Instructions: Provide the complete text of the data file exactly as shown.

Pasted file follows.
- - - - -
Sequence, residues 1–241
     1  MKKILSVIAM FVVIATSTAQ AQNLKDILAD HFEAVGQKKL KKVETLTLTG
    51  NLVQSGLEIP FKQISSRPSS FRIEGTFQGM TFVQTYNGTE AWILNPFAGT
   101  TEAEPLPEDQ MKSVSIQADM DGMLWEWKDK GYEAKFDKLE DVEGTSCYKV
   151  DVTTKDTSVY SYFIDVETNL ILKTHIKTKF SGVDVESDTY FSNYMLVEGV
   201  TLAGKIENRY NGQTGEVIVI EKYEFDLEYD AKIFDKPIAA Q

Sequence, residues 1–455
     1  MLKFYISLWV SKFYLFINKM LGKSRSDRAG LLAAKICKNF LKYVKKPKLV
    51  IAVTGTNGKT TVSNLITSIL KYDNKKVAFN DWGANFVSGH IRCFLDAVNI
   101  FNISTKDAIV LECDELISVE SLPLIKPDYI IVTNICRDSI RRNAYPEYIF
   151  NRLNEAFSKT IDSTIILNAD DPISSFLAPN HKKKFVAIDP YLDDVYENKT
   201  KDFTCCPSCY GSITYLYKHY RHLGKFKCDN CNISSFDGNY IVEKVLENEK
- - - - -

Sequence, residues 1–241
     1  MKKILSVIAM FVVIATSTAQ AQNLKDILAD HFEAVGQKKL KKVETLTLTG
    51  NLVQSGLEIP FKQISSRPSS FRIEGTFQGM TFVQTYNGTE AWILNPFAGT
   101  TEAEPLPEDQ MKSVSIQADM DGMLWEWKDK GYEAKFDKLE DVEGTSCYKV
   151  DVTTKDTSVY SYFIDVETNL ILKTHIKTKF SGVDVESDTY FSNYMLVEGV
   201  TLAGKIENRY NGQTGEVIVI EKYEFDLEYD AKIFDKPIAA Q

Sequence, residues 1–455
     1  MLKFYISLWV SKFYLFINKM LGKSRSDRAG LLAAKICKNF LKYVKKPKLV
    51  IAVTGTNGKT TVSNLITSIL KYDNKKVAFN DWGANFVSGH IRCFLDAVNI
   101  FNISTKDAIV LECDELISVE SLPLIKPDYI IVTNICRDSI RRNAYPEYIF
   151  NRLNEAFSKT IDSTIILNAD DPISSFLAPN HKKKFVAIDP YLDDVYENKT
   201  KDFTCCPSCY GSITYLYKHY RHLGKFKCDN CNISSFDGNY IVEKVLENEK